Change Position to Supported Side-Lying
Care Plan: Change the position of a resident who is lying on his/her back to a side-lying position. The resident requires support to remain on his/her side.
Click on each question below to view the answer…
Why aren’t side-rails used in this skill?
Side-rails may not be present in every setting. Patients in home settings, assisted living settings and nursing homes will not have side-rails on their beds in most cases. It is vital that students are able to perform skills in any setting and retain the ability to protect patient safety. By learning how to perform this skill without the use of side-rails, patient safety can be maintained.
Why do we have to use a privacy blanket when we have already closed the privacy curtain?
Although privacy curtain does provide some privacy, we should consider this skill from the patient’s point of view. Patients are often clothed in nothing more than a hospital gown while lying in bed. Once the sheet is been removed from the bed, this patient may feel exposed, even though you are the only one in the area. Remember, you are active, and the temperature in the room will feel much warmer to you. Since the patient is lying in bed, the temperature is going to feel much colder. Therefore a privacy blanket should be used to limit the patient’s exposure and to keep the patient warm.
Why does it matter which side the patient is positioned onto?
Patients will be repositioned every two hours onto a different side to evenly distribute pressure throughout the day. By making sure the patient adheres to a turning schedule, we can ensure that no one side is under pressure longer than the others, increasing the chance of pressure sore formation. Patients will be positioned in the following manner, every two hours (or as directed by the care plan): back, right, back, left, back, right, etc.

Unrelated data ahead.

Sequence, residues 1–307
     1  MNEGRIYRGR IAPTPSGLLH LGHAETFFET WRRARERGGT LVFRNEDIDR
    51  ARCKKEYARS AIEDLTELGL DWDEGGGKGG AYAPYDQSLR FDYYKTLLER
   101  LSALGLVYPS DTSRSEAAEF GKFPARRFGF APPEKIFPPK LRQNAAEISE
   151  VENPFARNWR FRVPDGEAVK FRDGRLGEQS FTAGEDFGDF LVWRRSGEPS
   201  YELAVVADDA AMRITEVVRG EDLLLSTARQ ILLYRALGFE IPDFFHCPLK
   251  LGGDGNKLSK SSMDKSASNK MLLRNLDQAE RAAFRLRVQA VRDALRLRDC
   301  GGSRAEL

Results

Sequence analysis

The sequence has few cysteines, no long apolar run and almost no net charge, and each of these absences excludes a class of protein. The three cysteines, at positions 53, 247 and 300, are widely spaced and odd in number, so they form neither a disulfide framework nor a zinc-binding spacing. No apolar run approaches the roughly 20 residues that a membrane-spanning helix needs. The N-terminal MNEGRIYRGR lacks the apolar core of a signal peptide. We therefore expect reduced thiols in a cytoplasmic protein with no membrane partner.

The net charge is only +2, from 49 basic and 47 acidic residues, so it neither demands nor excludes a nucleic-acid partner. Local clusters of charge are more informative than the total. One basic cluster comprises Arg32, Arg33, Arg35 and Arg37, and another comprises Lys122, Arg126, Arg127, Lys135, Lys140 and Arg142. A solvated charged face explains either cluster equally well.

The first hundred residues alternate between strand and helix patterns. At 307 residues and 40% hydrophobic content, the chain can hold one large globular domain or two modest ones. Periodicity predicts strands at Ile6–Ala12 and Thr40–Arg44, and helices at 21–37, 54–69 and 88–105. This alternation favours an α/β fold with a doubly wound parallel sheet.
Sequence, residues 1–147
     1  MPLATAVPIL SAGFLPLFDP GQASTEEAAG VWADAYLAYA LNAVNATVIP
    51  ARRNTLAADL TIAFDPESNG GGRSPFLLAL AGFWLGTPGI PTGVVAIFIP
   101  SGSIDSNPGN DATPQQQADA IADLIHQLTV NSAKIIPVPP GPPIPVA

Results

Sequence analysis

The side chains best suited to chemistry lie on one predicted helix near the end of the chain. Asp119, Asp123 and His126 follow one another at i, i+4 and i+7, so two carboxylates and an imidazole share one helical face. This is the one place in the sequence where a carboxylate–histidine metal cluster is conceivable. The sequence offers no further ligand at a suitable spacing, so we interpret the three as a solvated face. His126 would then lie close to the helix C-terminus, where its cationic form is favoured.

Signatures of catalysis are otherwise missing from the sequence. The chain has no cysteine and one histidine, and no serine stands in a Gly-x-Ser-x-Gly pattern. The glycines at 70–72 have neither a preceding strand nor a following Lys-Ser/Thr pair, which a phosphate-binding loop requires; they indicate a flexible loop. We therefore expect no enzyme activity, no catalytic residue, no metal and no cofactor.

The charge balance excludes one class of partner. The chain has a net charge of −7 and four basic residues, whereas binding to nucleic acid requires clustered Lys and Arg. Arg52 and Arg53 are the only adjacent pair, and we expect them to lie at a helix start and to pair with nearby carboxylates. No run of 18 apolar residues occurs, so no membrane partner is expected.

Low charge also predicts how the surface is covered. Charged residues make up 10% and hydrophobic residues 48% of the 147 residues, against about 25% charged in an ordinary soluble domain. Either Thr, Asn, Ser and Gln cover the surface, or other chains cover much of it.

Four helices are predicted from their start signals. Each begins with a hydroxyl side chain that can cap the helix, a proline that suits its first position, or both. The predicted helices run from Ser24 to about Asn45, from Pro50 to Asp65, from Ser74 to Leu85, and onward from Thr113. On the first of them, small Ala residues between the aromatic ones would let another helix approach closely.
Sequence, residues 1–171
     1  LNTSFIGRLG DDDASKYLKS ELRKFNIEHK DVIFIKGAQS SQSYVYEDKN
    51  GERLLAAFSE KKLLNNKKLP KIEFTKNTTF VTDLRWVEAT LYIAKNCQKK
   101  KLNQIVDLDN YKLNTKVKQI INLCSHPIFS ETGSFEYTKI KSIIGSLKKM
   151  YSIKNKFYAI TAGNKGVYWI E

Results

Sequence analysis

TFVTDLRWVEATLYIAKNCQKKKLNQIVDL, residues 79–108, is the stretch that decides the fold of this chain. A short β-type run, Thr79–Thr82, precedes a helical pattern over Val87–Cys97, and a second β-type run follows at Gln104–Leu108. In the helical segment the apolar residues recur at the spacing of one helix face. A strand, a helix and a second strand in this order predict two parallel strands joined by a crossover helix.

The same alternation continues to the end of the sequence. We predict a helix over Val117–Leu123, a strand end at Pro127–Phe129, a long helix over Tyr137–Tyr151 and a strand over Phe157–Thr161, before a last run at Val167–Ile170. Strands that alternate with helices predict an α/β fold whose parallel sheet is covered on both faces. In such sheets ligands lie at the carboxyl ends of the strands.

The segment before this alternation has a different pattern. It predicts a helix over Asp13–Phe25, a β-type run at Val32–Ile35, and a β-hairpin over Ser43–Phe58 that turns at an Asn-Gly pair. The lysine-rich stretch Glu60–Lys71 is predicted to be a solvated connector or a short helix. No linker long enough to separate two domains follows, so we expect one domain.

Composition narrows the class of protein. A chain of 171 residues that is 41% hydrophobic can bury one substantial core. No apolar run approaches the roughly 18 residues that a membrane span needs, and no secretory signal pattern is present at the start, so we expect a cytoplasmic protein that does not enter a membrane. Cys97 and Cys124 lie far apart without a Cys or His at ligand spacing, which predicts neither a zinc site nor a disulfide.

Do I have to position the patient exactly like it is demonstrated?
Each step in this skill is important. The pillow behind the back keeps the patient on their side by preventing gravity from pulling them back onto their back. The pillow between the legs helps protect the bony areas of the knees and ankles from rubbing together, causing sores. The pillow under the upper arm keeps the neck and shoulder in proper alignment, reducing headaches, muscle spasms and contractures. And the pillow under the head should be adjusted so that it supports only the head and neck.
Does it really matter where the call light is placed at the end of the skill?
Since this skill is performed on an immobile patient, they will not be able to reach out for the call light. It must be placed in their hand at the end of the skill. There are many other devices that immobile patients can use to summon help, based on their level of ability. You will use whatever device the care plan calls for and make sure to place it within easy use of the patient. The standard call light is used for the exam.
Do I need to wear gloves for this skill?
If there is a chance that you will come into contact with blood or body fluids, non-intact skin or personal skin, you should wear gloves. Since this patient is completely dressed, continent (able to control his bowels/bladder) and has no sores or incisions, gloves are not necessary. They are not required for the exam.